PRP-specific research projects in recent years can be counted on one hand, so we get good at asking Dr Google and joining online support groups. We learn from each other.
I try to go to the PRP Facebook pages on a fairly regular basis but I have to say, it’s very triggering for me. Alhough I feel terribly sad for the people there, especially the newly diagnosed, it’s not always easy for me to speak. I’m often overwhelmed with emotion and fear and sadness – sadness for the people who suffer and sadness for those there who are looking after a loved one with the condition, particularly those who are looking after children and babies.
PRP Awareness Month
It’s PRP Awareness Month. Why do I want you to be aware? So the next time, if ever, even if it’s only once, someone says to you, “I have Pityriasis rubra pilaris” you don’t look at them like they have an STD and walk off into your white noise. Instead, you can look them straight in the eye and say, ‘I have heard about that. I have heard it’s awful and I know you are not alone’.
I’m hoping people can become aware of PRP. I’m hoping people can become aware of all rare diseases. When you hear the words ‘rare disease’, don’t switch off. Don’t be seduced by white noise.
You are not alone
For those of you who have a rare disease, all I have to offer you is my love and support. For those of you that have PRP, the only thing I can say to you is, hopefully, this too shall pass (my mantra for the whole nine months, and beyond), and pass quickly – it did for me. I have been in remission for a long time. I am not a unicorn, it does happen.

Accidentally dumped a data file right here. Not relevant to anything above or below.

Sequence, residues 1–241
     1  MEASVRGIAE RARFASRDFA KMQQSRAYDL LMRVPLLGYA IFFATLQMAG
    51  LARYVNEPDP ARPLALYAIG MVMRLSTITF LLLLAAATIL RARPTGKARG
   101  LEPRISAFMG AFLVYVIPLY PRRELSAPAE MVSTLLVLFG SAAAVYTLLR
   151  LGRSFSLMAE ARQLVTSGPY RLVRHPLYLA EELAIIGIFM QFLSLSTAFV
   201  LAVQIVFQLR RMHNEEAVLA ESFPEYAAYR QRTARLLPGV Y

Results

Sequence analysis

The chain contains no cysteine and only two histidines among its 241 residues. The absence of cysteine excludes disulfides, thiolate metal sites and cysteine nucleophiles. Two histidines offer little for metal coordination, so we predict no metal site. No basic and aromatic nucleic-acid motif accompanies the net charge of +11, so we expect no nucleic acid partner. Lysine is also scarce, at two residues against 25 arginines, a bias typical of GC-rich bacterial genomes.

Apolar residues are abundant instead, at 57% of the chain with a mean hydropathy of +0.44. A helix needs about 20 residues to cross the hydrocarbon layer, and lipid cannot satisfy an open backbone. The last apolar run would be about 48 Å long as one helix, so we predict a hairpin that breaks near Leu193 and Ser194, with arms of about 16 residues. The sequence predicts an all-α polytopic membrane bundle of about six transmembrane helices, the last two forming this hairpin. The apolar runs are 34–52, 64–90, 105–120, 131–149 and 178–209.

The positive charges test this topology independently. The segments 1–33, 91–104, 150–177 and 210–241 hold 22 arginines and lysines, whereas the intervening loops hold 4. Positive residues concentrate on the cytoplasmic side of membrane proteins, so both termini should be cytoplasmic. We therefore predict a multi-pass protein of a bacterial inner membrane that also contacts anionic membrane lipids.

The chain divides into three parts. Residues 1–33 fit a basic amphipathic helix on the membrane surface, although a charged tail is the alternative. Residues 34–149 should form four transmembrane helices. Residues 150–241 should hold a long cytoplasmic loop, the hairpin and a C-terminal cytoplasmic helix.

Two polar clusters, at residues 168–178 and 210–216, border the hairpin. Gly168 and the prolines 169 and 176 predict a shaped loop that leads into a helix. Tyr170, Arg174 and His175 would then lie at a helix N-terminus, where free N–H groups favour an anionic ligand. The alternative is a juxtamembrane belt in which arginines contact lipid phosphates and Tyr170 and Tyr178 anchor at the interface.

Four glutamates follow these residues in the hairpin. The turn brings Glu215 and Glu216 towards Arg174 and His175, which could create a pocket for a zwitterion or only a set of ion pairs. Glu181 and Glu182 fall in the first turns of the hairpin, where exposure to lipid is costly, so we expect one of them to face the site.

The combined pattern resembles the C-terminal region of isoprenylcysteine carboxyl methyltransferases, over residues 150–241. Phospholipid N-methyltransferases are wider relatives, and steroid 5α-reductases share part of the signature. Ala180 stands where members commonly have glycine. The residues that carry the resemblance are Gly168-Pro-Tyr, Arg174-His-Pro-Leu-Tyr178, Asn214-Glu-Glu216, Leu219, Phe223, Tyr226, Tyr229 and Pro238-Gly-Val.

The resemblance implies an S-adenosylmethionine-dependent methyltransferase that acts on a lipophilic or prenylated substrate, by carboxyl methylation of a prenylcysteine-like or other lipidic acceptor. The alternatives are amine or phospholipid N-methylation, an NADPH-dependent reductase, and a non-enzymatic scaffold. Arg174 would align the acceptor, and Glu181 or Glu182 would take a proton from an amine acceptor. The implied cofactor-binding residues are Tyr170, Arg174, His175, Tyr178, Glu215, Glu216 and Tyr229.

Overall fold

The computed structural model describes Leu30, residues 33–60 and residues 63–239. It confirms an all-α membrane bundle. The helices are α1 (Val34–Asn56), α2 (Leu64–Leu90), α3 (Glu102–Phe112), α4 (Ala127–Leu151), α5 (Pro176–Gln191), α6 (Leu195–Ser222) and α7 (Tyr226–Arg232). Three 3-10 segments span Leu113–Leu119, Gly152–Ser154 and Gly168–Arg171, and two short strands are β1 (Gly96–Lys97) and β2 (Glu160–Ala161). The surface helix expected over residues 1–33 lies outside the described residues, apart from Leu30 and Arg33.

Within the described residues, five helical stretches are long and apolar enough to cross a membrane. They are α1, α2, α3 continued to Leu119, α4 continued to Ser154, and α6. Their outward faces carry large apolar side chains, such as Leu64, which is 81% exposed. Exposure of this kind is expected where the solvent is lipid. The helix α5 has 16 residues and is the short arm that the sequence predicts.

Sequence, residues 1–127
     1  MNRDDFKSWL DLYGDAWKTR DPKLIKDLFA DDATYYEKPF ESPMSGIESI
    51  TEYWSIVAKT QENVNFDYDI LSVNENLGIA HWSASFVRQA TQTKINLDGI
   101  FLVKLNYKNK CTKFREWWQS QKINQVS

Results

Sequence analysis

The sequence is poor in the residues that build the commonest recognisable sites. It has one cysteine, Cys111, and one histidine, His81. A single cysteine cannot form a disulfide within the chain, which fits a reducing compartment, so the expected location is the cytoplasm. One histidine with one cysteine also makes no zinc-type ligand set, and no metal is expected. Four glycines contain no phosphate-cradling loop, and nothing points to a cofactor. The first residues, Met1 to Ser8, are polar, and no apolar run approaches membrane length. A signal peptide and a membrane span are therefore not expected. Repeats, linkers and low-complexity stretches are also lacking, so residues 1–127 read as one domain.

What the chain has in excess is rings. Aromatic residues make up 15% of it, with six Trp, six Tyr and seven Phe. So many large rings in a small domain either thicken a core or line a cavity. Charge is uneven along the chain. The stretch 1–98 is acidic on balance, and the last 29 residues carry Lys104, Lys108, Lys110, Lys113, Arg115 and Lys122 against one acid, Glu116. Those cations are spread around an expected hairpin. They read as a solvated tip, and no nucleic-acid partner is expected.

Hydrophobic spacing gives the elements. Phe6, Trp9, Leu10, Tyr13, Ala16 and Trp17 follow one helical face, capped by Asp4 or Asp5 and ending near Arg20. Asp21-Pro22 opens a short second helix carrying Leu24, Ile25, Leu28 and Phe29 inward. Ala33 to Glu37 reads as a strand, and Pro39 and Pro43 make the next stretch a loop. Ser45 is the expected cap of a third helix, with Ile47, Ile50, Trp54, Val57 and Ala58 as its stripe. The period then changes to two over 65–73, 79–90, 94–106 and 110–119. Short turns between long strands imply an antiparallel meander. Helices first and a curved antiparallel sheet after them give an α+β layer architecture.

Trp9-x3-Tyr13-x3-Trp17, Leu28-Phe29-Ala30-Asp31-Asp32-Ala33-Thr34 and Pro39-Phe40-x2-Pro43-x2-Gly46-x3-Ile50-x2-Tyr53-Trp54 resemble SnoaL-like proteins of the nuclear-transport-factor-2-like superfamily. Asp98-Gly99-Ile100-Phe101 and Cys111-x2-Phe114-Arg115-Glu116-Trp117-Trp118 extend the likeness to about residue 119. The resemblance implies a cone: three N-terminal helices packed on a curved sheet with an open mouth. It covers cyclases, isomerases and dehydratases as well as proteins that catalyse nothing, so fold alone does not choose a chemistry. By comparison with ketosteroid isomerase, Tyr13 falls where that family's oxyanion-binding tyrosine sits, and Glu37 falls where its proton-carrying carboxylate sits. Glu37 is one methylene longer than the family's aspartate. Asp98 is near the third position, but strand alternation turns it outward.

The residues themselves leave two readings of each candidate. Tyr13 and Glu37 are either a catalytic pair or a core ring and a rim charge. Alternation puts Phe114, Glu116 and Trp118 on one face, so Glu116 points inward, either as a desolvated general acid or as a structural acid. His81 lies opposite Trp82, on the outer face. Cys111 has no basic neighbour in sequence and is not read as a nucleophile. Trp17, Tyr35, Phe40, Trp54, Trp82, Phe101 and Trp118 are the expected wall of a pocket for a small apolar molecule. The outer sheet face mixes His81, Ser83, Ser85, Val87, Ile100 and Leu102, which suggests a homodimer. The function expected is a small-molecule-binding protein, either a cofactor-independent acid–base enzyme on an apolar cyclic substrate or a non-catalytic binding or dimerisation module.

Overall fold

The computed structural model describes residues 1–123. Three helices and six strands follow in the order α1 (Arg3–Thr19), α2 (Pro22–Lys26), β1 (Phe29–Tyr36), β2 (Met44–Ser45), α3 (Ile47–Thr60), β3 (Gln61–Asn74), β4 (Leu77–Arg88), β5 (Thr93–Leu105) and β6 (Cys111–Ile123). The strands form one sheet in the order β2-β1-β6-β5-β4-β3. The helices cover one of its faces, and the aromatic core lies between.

But the most important message is: you are not alone. It feels like it. It feels like it a lot. The people who love and care for you don’t know what you’re going through and how it feels, but remember they are trying hard to help you, and really, would you wish it upon them just so they understand? I don’t think so.
Hang in there.
Join the PRP Alliance and find other people like you. The world won’t know about us if we don’t tell them.
There are not many of us, but we are not drops in the ocean, we are more than drops in the ocean – we are particles in a rainbow and we need to be seen.
If you have recently been diagnosed with PRP and you have turned to Dr Google, and this story is one of the very few search results, here is a wonderful resource, and over here is a terrific, welcoming, generous and caring Facebook group.
Don’t do this alone.